Brevity for the soul

Two talented individuals try to help give creative minds in Pakistan a long overdue push with the ‘Life’s Too Short’ Short Story Prize

By Huma Imtiaz

It is rare to see people getting animated about writing, but as of late, the ‘Life’s Too Short’ Short Story Prize has sent a wave of excitement through Pakistan that is usually only seen when books are burnt in large public gatherings. So what is the competition all about?

Being judged by three of Pakistan’s leading writers, Mohammed Hanif (A Case of Exploding Mangoes), Daniyal Mueenuddin (In Other Rooms, Other Wonders) and Kamila Shamsie (Kartography, Burnt Shadows), the ‘Life’s Too Short’ Short Story Prize was launched this year by columnist and editor Faiza S Khan, with the help of bookseller Aysha Raja, and aims to unearth talented Pakistani writers.

Sponsored by the ZZ & Zohra Ahmed Foundation, a philanthropic organisation, ‘Life’s Too Short’ will not only award prize money to the three top winners, but will also publish some of the best submissions as an anthology.

With Pakistani writers winning accolades and acclaim both locally and internationally, it is hoped that the competition will not only help writers emerge out of the woodwork, but will also give them a chance to get their work judged by authors that may otherwise be inaccessible to them.

Faiza S. Khan says she started the competition out of sheer curiosity; “to see who was out there but not from our bubble. Because I keep reading about the same sort of experiences, all largely by people I know socially. I already know their story, time for something different please. So I really wanted to get a wide range of people to write, so that we can read authentic and not manufactured experiences.”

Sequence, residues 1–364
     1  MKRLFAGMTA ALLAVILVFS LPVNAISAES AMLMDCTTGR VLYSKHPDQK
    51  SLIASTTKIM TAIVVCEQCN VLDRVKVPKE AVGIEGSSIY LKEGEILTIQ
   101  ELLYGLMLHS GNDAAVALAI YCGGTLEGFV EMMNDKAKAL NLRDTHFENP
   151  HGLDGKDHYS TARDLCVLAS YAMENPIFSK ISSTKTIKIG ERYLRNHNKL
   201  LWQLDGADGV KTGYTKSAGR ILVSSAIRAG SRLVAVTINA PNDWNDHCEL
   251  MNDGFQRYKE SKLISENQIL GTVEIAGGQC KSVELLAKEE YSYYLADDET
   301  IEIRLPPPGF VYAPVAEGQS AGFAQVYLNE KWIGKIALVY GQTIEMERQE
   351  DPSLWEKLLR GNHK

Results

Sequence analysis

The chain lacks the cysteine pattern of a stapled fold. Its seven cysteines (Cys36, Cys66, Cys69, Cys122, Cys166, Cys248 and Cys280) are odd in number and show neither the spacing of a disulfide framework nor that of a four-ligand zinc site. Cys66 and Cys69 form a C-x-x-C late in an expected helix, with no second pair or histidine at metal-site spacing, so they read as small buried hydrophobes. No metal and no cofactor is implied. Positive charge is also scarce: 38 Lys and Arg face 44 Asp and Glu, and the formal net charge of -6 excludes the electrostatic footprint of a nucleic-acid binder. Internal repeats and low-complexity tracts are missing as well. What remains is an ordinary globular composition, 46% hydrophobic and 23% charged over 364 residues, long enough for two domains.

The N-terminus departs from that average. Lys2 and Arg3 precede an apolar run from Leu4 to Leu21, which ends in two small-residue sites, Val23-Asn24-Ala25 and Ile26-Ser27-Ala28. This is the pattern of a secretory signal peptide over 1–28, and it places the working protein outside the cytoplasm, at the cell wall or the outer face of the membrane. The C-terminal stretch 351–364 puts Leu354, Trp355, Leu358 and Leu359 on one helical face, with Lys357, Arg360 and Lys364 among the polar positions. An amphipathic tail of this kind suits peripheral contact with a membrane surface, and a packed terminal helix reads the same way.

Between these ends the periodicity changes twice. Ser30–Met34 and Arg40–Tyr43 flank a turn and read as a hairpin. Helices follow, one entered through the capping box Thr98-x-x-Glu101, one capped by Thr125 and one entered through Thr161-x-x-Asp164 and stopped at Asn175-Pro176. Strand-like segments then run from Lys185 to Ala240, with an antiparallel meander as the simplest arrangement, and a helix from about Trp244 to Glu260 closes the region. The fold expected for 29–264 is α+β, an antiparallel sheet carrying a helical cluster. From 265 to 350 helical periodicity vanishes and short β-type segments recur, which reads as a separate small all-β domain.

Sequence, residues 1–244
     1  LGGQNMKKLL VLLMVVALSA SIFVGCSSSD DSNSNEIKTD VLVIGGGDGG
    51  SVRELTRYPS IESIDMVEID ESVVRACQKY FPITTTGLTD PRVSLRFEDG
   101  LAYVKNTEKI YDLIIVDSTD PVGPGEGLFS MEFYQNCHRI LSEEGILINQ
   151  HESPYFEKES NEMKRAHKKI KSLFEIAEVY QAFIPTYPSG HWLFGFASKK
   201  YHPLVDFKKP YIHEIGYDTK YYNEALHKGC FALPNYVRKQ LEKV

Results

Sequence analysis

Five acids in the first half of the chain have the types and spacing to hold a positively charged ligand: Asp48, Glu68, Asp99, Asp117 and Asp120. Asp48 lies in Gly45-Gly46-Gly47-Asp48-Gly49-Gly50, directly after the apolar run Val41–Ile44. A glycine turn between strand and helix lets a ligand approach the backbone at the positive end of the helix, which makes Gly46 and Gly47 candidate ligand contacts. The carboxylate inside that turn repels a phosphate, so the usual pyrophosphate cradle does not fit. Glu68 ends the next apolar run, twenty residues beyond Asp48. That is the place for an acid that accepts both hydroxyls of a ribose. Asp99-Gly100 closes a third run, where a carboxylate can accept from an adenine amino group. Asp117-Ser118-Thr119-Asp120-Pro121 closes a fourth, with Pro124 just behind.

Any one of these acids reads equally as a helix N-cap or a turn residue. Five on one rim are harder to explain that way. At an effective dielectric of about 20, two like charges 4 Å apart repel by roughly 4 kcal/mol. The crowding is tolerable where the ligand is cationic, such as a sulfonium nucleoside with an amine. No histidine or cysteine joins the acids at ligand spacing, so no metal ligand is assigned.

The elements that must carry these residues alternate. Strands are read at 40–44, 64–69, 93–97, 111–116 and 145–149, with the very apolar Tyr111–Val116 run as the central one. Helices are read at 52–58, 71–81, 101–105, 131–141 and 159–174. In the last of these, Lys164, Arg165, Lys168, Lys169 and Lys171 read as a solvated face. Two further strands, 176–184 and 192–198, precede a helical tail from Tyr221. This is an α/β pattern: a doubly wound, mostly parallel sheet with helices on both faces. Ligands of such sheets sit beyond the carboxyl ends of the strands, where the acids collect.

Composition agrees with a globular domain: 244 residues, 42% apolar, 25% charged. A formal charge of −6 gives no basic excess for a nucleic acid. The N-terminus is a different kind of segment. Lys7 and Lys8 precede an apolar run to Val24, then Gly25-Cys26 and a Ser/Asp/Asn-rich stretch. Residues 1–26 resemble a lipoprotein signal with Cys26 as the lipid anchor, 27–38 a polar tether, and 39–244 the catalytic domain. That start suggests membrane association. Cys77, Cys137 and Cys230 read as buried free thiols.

One wonders if the judges were as excited as Faiza was about the competition. “They were wonderful,” replies Khan, “Hanif instantly agreed, Daniyal was happy to do it, and Kamila replied in the affirmative so fast that I thought my e-mail to her had bounced back.”

Khan says that what changed the notion of the competition into reality was Aysha Raja.  “The fact that her bookshop (The Last Word), which caters to a really sophisticated palette was doing well was a sign that there are enough people out there to make a success of a home-grown literary endeavour. There are enough discerning readers to keep a great bookshop going, so why assume that there aren’t tons of potential authors out there?” Other than that, Aysha’s enthusiasm, energy and enormous resourcefulness have made this project go from a good idea to a surefire success.”

So have the entries that Khan and Raja have received so far been from the same group of people who are currently established writers, or are a diverse collection of people participating in the competition? “It’s definitely a diverse group. There have been entries from published writers and some people whose names I can recognise from the local press. But otherwise, it’s a swathe of people who are coming to this for the first time. Not writing, but publishing. We have an entry by a woman who used to write short stories before she got married and then left it, and has now come back to it in her 60s just because of this competition. It’s an extremely good feeling.”

What happens after the competition ends then? Khan says that she would like to see the good entries form an online literary journal and for the competition to be an annual event so that writers know there’s always somewhere for them to send their work. “What I really want is for us all to discover a great new voice, who wouldn’t otherwise have the opportunity to be read by so many people and by other writers, agents and publishers who can provide very concrete rewards for their work.”

Khan says she wants the ‘Life’s Too Short’ Short Story Prize to become the place that people look towards for spotting up and coming Pakistani talent. Khan says there has already been a fair amount of regional interest in the competition, which she feels can only be beneficial all around. “If ever we’ve needed to enter into a cultural war, to define ourselves through something other than the news, it is now. Otherwise we may as well accept that people’s idea of Pakistan will boil down to the superficial observations of foreign journalists.”

The submission deadline for ‘Life’s Too Short’ Short Story Prize is June 30, 2009. Details can be found on

Huma Imtiaz works as a correspondent for Geo News and can be contacted at

07 June 2009